We must all work to undo the structural barriers and outdated stereotypes that stand in the way of women entering public finance leadership roles, wrote Amujae Leader Malado Kaba and Einar Gørrissen in an op-ed for The Hill.
Despite a clear link between high economic performance, good governance, and women’s leadership, women remain vastly underrepresented in public finance bodies, with less than a third of all heads of national audit offices being women. Looking at the initial handling of the COVID-19 pandemic, the authors cited several examples of women-led countries that fared better than those run by their male counterparts.
The authors noted that women leaders’ adeptness at handling crises may be attributed to their strong “interpersonal skills—such as communicating effectively, inspiring others, and displaying empathy—leadership competencies that are ranked most important when times are tough.”
If women have proven themselves to be good leaders in times of crisis, why, then, do they have so little representation in “institutions that are critical for an accountable and inclusive recovery—such as finance ministries and audit institutions?”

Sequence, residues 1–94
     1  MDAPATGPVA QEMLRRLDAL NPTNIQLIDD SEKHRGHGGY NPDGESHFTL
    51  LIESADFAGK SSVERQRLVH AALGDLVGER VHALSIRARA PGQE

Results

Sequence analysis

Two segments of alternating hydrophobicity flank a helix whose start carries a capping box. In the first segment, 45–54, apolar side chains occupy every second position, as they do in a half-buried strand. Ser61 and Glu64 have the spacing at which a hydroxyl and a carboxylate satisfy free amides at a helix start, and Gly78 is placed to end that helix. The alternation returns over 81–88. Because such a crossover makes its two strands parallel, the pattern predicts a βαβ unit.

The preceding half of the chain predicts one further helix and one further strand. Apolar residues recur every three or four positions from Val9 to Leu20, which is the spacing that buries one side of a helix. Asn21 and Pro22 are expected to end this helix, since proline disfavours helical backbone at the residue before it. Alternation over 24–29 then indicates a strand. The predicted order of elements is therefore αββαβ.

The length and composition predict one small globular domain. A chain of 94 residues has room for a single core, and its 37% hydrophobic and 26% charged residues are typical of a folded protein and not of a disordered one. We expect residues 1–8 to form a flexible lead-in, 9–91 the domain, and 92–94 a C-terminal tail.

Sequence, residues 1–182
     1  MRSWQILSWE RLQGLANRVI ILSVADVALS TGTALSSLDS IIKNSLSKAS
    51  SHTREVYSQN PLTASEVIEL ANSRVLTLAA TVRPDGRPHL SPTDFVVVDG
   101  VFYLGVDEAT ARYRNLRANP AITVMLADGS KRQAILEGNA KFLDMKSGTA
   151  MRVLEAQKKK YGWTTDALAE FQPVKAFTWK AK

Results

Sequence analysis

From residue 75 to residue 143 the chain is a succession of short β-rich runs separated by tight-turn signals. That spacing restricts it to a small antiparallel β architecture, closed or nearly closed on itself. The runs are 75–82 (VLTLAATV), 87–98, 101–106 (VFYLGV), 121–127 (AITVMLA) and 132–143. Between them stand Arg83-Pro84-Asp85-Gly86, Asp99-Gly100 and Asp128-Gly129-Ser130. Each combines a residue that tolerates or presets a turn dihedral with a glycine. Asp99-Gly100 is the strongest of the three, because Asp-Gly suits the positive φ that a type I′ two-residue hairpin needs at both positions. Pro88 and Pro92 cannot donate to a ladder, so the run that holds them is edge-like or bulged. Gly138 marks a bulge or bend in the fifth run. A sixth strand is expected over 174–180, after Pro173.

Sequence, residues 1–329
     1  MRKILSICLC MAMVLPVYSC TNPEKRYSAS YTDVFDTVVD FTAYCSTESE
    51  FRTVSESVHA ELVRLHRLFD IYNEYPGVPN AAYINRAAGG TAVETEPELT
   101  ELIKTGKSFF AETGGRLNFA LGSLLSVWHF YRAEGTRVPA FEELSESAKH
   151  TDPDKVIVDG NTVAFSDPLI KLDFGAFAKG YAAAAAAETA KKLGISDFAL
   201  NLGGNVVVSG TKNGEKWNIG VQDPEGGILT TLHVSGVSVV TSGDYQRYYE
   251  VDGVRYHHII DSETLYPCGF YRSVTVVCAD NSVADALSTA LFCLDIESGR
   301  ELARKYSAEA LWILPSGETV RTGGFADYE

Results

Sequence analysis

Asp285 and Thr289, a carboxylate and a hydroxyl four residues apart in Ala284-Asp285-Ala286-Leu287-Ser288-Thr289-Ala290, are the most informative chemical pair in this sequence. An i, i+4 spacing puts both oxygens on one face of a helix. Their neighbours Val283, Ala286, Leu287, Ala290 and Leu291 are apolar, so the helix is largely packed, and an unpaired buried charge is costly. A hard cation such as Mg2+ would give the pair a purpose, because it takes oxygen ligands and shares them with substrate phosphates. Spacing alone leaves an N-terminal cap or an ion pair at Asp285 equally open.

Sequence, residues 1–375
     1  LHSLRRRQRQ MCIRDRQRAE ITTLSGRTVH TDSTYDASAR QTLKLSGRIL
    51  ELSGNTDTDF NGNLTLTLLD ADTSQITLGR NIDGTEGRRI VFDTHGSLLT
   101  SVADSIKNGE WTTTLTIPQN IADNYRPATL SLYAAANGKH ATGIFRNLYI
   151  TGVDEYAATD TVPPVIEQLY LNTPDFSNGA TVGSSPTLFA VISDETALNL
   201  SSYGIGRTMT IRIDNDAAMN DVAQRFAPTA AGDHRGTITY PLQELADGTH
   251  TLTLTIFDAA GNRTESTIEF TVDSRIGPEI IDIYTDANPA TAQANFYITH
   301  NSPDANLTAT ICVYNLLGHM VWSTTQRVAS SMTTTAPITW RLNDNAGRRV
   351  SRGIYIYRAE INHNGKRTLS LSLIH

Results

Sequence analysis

The reasoning may lie in “outdated and tokenistic approaches to representation that pigeonhole women into specific leadership roles,” wrote the authors. One such prejudice is the perception that women do not excel in science, technology, engineering, and mathematics:
“There is mounting evidence that gender discrimination is rife in the economics field. This has a direct impact on the leadership pipeline. Women feel less supported to stay in economics and other mathematics related fields early on in their studies and profession, and as a result there is less retention of female talent that can be groomed for leadership.”
Women’s “double duties”—the unpaid care work that they take on outside of their career-related responsibilities—must also be taken into account, and organizations should implement “measures that support the redistribution” of this labor, in order to “level the playing field” for women’s advancement in the workplace.
Only by challenging and dismantling gendered stereotypes will countries be able to achieve equity, fairness, and the best possible leadership to drive their COVID-19 recoveries, concluded the authors.
Ms. Kaba, a member of the inaugural cohort of Amujae Leaders, previously served as the first woman Minister of Economy and Finance of the Republic of Guinea. During her tenure, she helped her country achieve record macroeconomic results and was instrumental in leading key strategic negotiations to secure funding for Guinea’s ambitious infrastructure program.
Einar Gørrissen is Director General of the International Organization of Supreme Audit Institutions (INTOSAI) Development Initiative.
Read the full op-ed here.